Otinio is a 20-year-old New Forest pony who is trained to grand prix level and can perform 17 one-time changes as well as piaffe and passage. The family made the trip down from their home in Rhode Island. Otinio is familiar with Florida as he competed at the AGDF numerous times between 2012 and 2015 under his previous rider, Asia Ondaatje Rupert (USA), and won most of the classes he contested.

Hendrick and Otinio led the freestyle class with 66.575%, just 0.075% ahead of second-placed Scarlett Hansen (CAN) and Reve De Glatigny.

Vanessa Creech-Terauds, daughter of Diane — scored a double, topping both the young rider freestyle, sponsored by Yeguada de Ymas, and the under-25 grand prix freestyle, presented by Diamante Farms. The Canadian rode Devon L, who was unbeaten in both his starts in week eight, to 67.8% at grand prix level, and Rob Roy, by Rubin Royal, to 70.9% in the young riders’ class. Both horses are owned by Leatherdale Farms.

For more information and results, visit

Ashley Holzer Scores Emotional Grand Prix Special Win in Week Eight of AGDF

Ashley Holzer and Sir Caramello. Photo Credit: ©SusanJStickle.

Wellington, FL — March 3, 2018 — The USA’s Ashley Holzer recorded Sir Caramello’s first ever international grand prix win in just his fourth CDI test, topping the Grand Prix Special CDI3*, presented by Peacock Ridge, with 70.149%. They were the only combination to break through the 70% barrier in the class of 13 finishers in week eight of the 2018 Adequan® Global Dressage Festival (AGDF) at Palm Beach International Equestrian Center (PBIEC) in Wellington, Florida.

The class was sponsored by PJ Rizvi’s Peacock Ridge, which was fitting as she is also the owner of the winning horse. Holzer was flabbergasted to win, having finished seventh in the qualifying grand prix. Sadly, she was not able to attend the prize-giving as she had to leave to catch a flight to Toronto.

“I’m speechless,” said Holzer. “This horse has been on the most incredible journey. Never in a million years did I think he’d win — I thought we might do a 65% test. But I’ve just watched the video back and some of the things he did in that test were unbelievable. And he whinnied at me for this first time in his life this week; I’m feeling very emotional about it.”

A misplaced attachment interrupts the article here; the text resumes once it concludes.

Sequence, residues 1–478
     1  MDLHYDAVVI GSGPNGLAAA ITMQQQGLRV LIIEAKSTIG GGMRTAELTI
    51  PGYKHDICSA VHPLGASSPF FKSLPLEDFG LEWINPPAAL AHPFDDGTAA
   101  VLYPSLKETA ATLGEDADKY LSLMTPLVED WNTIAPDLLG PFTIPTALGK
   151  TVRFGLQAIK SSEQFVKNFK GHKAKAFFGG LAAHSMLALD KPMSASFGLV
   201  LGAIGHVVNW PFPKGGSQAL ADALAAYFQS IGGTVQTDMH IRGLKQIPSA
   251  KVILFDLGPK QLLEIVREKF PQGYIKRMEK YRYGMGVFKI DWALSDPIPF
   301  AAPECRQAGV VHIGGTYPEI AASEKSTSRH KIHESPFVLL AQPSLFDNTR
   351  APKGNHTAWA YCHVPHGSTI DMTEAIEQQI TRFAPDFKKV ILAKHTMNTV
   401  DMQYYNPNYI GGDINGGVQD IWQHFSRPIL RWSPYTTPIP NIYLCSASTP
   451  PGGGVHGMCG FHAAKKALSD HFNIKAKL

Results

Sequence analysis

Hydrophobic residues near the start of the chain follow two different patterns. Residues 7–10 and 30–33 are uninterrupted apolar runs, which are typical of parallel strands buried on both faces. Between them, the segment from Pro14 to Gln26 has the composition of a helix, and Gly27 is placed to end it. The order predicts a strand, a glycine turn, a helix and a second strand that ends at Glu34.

Indeed, the liver chestnut gelding’s extravagant movement and uphill frame command attention in the ring. At only 11 years old, the horse still has plenty of time to gain confidence, and Holzer blamed the only big blip — a miscommunication in the passage to canter transition at X — firmly on herself.

“I timed the canter aid completely wrong,” she said. “He is such a power machine and he’s been challenging to bring on. Andreas Helgstrand once described him as the most talented but most difficult horse he’d ever seen. He was sold at the PSI auction in 2011 as a four-year-old [for €500,000 to Russia], then ended up with Patrik Kittel, who called PJ and I about him.

“It’s been hard for him to balance his huge gaits and then close up again for the collected work; that’s taken a long time to develop,” she added. “I also got some last minute advice from Robert Dover and Carl Hester yesterday — about taking my time in the corners, and not worrying about him being too ‘up’ in the frame.”

Holzer credits Rizvi’s patience and understanding as an owner for allowing her the time she needed to turn the horse around.

“PJ’s been behind him 100% of the time and, believe me, we’ve had some major lows with convincing him that everything would be okay,” added Holzer. “This win is testament to the importance of having a supportive owner who understands these things — so it was fitting she was the sponsor of the class.”

Holzer plans to show Sir Caramello (Sir Donnerhall x Feiner Stern) in one more CDI at AGDF before whisking him off to Europe for the summer.

Katherine Bateson Chandler — another to benefit from British Olympian Carl Hester’s advice on-site — was second with Alcazar. The local rider was nip and tuck on the trending scores with Holzer until small mistakes crept in in the two sets of one-time changes. The finished on 69.979%. Like Holzer, she plans to spend the summer in Europe, training with Hester.

The top non-US rider was Canadian Olympian Megan Lane, who rode Deer Ridge Equestrian’s Zodiac MW, by Rousseau, to 67.915% for third place. The winner of the qualifying grand prix, the Dominican Republic’s Yvonne Losos de Muñiz, had to settle for sixth place aboard Foco Loco W.